Some may leave their future to chance but in the world of finance, the effects of the “confidence gap” can be apparent.

Women and College

The reason behind this disparity doesn’t seem to be a lack of education or independence. Today, women are more likely to go to college than men. So what keeps them from taking charge of their long-term financial picture?3

One reason may be a lack of confidence. One study found that only 48% of women feel confident about their finances. Women may shy away from discussing money because they don’t want to appear uneducated or naive and hesitate to ask questions as a result.4

Insider Language

Since Wall Street traditionally has been a male-dominated field, women whose expertise lies in other areas may feel uneasy amidst complex calculations and long-term financial projections. Just the jargon of personal finance can be intimidating: 401(k), 403(b), fixed, variable. To someone inexperienced in the field of personal finance, it may seem like an entirely different language.5

But women need to keep one eye looking toward retirement since they may live longer and could potentially face higher healthcare expenses than men.

If you have left your long-term financial strategy to chance, now is the time to pick up the reins and retake control. Consider talking with a financial professional about your goals and ambitions for retirement. Don’t be afraid to ask for clarification if the conversation turns to something unfamiliar. No one was born knowing the ins and outs of compound interest, but it’s important to understand in order to make informed decisions.

Compound Interest: What’s the Hype?

Compound interest may be one of the greatest secrets of smart investing. And time is the key to making the most of it. If you invested $250,000 in an account earning 6%, at the end of 20 years your account would be worth $801,784. However, if you waited 10 years, then started your investment program, you would end up with only $447,712.

This is a hypothetical example used for illustrative purposes only. It does not represent any specific investment or combination of investments.

1. AssociatedBank.com, May 18, 2023
2. TransAmericaCenter.org, 2023
3. Statista.com, 2023
4. Bankrate.com, April 10, 2023
5. Distributions from 401(k), 403(b), and most other employer-sponsored retirement plans are taxed as ordinary income and, if taken before age 59½, may be subject to a 10% federal income tax penalty. Generally, once you reach age 73, you must begin taking required minimum distributions.

The content is developed from sources believed to be providing accurate information. The information in this material is not intended as tax or legal advice. It may not be used for the purpose of avoiding any federal tax penalties. Please consult legal or tax professionals for specific information regarding your individual situation. This material was developed and produced by FMG Suite to provide information on a topic that may be of interest. FMG Suite is not affiliated with the named broker-dealer, state- or SEC-registered investment advisory firm. The opinions expressed and material provided are for general information, and should not be considered a solicitation for the purchase or sale of any security. Copyright FMG Suite.

Tips and strategies for women approaching retirement to ensure a smooth transition.

Retirement is a significant transition, and it can bring both challenges and opportunities for women who have spent many years focused on their careers. For women approaching retirement age, it is crucial to consider various tips and strategies to ensure a smooth and fulfilling transition. An elegant pivot from work life to a life of one’s own requires careful consideration. A woman retiring at 65 may live another two decades or more. That’s not only a long time to finance, it’s also a long time to figure out how to fill your life with meaningful activities.1

A Change of Identity

Retirement can change a woman’s identity, especially those who have worked in the same profession for many years. Exploring new interests and finding a new sense of purpose could involve taking on a new job title, pursuing a passion, or simply embracing new hobbies and activities. But you’ll enjoy your retirement more if you start thinking about establishing the new “you” independent of your career.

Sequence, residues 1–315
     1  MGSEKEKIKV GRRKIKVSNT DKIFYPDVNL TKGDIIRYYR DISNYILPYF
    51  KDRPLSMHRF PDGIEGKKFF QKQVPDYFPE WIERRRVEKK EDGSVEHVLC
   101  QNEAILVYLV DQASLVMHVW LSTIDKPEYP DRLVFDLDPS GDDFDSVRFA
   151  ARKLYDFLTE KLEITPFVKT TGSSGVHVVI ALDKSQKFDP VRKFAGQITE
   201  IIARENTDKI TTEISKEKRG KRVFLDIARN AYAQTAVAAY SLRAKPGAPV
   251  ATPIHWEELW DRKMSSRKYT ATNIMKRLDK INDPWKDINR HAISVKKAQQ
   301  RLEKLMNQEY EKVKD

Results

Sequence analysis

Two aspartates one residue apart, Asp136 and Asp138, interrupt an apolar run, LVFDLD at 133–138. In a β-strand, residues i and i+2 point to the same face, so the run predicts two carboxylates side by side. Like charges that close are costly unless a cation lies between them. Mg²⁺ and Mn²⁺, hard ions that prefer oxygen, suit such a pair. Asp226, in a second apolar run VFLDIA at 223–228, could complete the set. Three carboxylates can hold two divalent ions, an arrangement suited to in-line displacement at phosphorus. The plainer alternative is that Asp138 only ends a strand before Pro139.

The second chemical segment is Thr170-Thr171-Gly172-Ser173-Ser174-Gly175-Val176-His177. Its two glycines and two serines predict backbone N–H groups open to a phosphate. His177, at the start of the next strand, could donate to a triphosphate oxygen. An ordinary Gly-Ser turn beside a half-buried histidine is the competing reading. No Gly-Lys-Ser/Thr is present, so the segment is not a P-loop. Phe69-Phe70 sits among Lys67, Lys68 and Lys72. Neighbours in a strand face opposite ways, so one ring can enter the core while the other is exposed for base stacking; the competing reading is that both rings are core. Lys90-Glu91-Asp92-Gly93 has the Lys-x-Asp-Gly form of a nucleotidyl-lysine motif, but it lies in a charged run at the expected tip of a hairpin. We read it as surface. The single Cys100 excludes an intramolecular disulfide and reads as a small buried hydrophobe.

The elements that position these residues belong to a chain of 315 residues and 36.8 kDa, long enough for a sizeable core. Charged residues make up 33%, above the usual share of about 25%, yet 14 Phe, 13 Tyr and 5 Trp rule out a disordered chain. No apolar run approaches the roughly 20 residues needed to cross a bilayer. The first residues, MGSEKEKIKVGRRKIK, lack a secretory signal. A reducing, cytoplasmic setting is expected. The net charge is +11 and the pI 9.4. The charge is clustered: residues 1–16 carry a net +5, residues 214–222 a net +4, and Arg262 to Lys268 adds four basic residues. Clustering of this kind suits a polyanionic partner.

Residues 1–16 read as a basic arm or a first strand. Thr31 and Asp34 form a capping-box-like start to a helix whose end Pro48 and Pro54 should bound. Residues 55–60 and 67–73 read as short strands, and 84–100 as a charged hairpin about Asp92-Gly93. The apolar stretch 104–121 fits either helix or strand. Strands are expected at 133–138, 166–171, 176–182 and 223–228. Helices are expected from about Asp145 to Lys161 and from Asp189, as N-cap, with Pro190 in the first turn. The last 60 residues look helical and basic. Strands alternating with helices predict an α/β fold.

Addressing Your Finances

One of the first steps to take when preparing for retirement is to address financial matters. This includes reviewing your estate strategy, getting all necessary documents in order, and having contingency plans in place for the emergencies and the unexpected. Consider meeting with a financial professional before and after retiring to help establish that the appropriate steps are being taken.

Pivot to a New Career

For women concerned about their savings or Social Security benefits, considering part-time work, working from home, or starting a small business can provide income and social interaction. You have the choice here to ease into retirement while still keeping active and engaged. The Department of Labor says that women are more likely to work part time in retirement. Many part-time jobs may not have retirement plans, making it necessary to plan accordingly.1

Another option for women is volunteering. Many miss the engagement and challenge of the workforce, and volunteering allows them to dedicate their time to helping others while gaining personal fulfillment. Volunteering can be a way to stay connected to the community while making a difference.

Now that you have the time, why not try something new? Taking classes is also a way for women to continue learning and growing in retirement. Many courses covering various topics are available online or in person, allowing you to explore new interests and stay mentally active.

Focus on Your Health

Beyond addressing financial matters and finding ways to stay engaged, women must prioritize their health in retirement. This includes eating a balanced diet, exercising regularly, and getting the right amount of sleep. But your overall health includes more than just your physical body. Social engagement is also essential for happiness and health. Even for natural homebodies, spending time with others can have a positive impact.

It’s essential to remember that adjusting to retirement takes time. Transitioning into retirement can be a significant change for women who have dedicated many years to their careers. However, with careful preparation and consideration, women can make the most of this new phase of life. By addressing financial matters, finding ways to stay engaged, prioritizing health, and exploring new interests, women can embrace retirement as a new beginning and enjoy a fulfilling and rewarding experience. It is normal to experience a range of emotions after retirement, but these feelings will likely change over time. Being patient with yourself and understanding that it is a process may help alleviate frustration

1. Dol.gov, September 14, 2023